Testing the water: PCSC gives youth a chance to sail the Jordanelle | ParkRecord.com

Testing the water: PCSC gives youth a chance to sail the Jordanelle


As with ducklings in a pond, imitation can be a bane or a boon to young sailors.

"Sometimes you’ll see the lead boat (veer off) and then they all follow," said Park City Sailing Association (PCSA) vice president Ken Block on a sunny Thursday morning with a gentle breeze – ideal conditions for the 16 juniors guiding small sailboats around the Jordanelle.

The group featured some sailors who began when the PCSA junior program kicked off on July 14, while others had only sailed for just three days, yet the nautical novices exhibited enough skill to maneuver their crafts from point to point amid shouted reminders to "duck!" the swinging booms.

Geared toward ages 8 to 15, it’s the first junior sailing program to grace the Jordanelle and the only one currently in Utah (although Salt Lake has tried to start them, Block said). First-time head instructor Scott VerMerris said the biggest trick has been working through children’s initial fear of sailing. Boats are unstable and the boom – a metal bar that bears the bottom edge of the sail – swings from side to side as the direction of the boat and the winds change. Almost all students hit their heads at some point, learning the instinct to duck the bar through sheer conditioning.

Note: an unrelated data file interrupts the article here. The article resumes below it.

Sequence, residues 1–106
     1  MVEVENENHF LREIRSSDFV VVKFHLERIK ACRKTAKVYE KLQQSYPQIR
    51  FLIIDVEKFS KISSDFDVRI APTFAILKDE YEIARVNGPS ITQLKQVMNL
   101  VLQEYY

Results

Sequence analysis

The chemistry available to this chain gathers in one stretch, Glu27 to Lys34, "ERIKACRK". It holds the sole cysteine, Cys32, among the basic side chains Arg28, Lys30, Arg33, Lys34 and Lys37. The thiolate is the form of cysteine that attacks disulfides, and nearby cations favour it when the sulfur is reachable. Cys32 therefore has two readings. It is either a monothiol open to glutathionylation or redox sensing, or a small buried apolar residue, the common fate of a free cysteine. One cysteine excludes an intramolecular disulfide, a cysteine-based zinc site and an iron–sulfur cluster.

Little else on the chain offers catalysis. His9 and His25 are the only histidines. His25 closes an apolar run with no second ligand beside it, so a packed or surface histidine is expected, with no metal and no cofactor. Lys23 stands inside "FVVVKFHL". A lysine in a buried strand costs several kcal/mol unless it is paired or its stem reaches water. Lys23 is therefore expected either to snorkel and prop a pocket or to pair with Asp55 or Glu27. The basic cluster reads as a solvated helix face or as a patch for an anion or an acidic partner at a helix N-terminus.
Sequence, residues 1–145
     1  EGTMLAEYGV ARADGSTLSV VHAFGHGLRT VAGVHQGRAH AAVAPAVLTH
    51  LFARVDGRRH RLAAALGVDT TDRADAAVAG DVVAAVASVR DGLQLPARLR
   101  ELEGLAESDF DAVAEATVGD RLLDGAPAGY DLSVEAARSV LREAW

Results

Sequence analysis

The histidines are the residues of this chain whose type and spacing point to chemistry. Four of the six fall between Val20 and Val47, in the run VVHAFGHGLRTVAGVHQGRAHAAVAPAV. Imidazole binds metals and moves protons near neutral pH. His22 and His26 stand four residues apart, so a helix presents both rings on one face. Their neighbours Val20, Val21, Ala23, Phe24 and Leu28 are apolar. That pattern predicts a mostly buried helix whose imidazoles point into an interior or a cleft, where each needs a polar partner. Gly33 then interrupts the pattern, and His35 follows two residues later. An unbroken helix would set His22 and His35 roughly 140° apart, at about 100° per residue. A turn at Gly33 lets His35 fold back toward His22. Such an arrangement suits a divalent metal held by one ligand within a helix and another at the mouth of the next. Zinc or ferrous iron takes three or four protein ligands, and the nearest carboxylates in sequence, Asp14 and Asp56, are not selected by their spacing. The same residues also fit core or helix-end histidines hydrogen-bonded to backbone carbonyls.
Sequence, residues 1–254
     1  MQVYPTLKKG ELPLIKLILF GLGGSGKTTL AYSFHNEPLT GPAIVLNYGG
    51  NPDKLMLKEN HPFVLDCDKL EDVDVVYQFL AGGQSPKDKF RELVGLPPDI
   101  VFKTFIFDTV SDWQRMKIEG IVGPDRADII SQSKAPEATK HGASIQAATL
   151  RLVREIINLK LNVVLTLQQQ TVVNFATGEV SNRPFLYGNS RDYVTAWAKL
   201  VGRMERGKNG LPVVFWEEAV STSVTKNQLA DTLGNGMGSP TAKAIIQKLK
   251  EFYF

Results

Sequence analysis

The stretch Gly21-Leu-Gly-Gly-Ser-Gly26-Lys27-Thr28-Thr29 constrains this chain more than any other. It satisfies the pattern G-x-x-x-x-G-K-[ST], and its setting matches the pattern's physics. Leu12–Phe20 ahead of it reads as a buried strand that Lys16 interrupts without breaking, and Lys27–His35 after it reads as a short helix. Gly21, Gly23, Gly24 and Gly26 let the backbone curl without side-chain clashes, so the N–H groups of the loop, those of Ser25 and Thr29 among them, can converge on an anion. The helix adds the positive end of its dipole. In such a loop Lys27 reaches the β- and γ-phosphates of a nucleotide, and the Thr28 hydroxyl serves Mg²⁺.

"For them to be able to trust themselves to have their head up or trust their skipper or their crew is a big step," VerMerris said. The learning curve is slow at first, but sailing eventually becomes instinctive. When the program launched, his struggling fleet was far from what VerMerris had envisioned when he took the job. But by the end of the second week, all of the children had far surpassed expectations.

To cater to the kids’ short attention spans, each lesson plan is designed to teach a simple concept in periods of less than 10 minutes. The results of this approach are striking, with children responding on command to tighten their sprit tension at the bow, or to execute a tack or a jibe turn.

"You’ve got to incorporate fun and games into everything," VerMerris said. "It’s really rewarding to see where they’re at right now."